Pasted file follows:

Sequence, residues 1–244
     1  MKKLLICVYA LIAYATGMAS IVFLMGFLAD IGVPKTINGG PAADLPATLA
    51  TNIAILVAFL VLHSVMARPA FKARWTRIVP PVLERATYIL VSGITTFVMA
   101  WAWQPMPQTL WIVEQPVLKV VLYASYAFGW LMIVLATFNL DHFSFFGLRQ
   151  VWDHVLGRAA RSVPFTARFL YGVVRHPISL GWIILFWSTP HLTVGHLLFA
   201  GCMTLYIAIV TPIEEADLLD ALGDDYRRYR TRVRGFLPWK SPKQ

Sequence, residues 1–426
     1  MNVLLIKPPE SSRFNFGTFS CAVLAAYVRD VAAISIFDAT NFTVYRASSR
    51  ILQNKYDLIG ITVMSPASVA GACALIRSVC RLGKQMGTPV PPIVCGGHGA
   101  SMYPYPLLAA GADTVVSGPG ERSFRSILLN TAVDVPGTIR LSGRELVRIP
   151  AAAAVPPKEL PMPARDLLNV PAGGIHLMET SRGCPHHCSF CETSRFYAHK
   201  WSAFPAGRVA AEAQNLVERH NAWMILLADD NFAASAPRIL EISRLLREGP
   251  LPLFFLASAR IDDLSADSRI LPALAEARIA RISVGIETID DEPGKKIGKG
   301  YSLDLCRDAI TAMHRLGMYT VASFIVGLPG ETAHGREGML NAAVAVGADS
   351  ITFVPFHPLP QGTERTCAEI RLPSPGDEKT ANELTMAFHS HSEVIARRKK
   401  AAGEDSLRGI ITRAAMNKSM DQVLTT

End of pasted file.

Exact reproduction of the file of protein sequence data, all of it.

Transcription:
Sequence, residues 1–244
     1  MKKLLICVYA LIAYATGMAS IVFLMGFLAD IGVPKTINGG PAADLPATLA
    51  TNIAILVAFL VLHSVMARPA FKARWTRIVP PVLERATYIL VSGITTFVMA
   101  WAWQPMPQTL WIVEQPVLKV VLYASYAFGW LMIVLATFNL DHFSFFGLRQ
   151  VWDHVLGRAA RSVPFTARFL YGVVRHPISL GWIILFWSTP HLTVGHLLFA
   201  GCMTLYIAIV TPIEEADLLD ALGDDYRRYR TRVRGFLPWK SPKQ

Sequence, residues 1–426
     1  MNVLLIKPPE SSRFNFGTFS CAVLAAYVRD VAAISIFDAT NFTVYRASSR
    51  ILQNKYDLIG ITVMSPASVA GACALIRSVC RLGKQMGTPV PPIVCGGHGA
   101  SMYPYPLLAA GADTVVSGPG ERSFRSILLN TAVDVPGTIR LSGRELVRIP
   151  AAAAVPPKEL PMPARDLLNV PAGGIHLMET SRGCPHHCSF CETSRFYAHK
   201  WSAFPAGRVA AEAQNLVERH NAWMILLADD NFAASAPRIL EISRLLREGP
   251  LPLFFLASAR IDDLSADSRI LPALAEARIA RISVGIETID DEPGKKIGKG
   301  YSLDLCRDAI TAMHRLGMYT VASFIVGLPG ETAHGREGML NAAVAVGADS
   351  ITFVPFHPLP QGTERTCAEI RLPSPGDEKT ANELTMAFHS HSEVIARRKK
   401  AAGEDSLRGI ITRAAMNKSM DQVLTT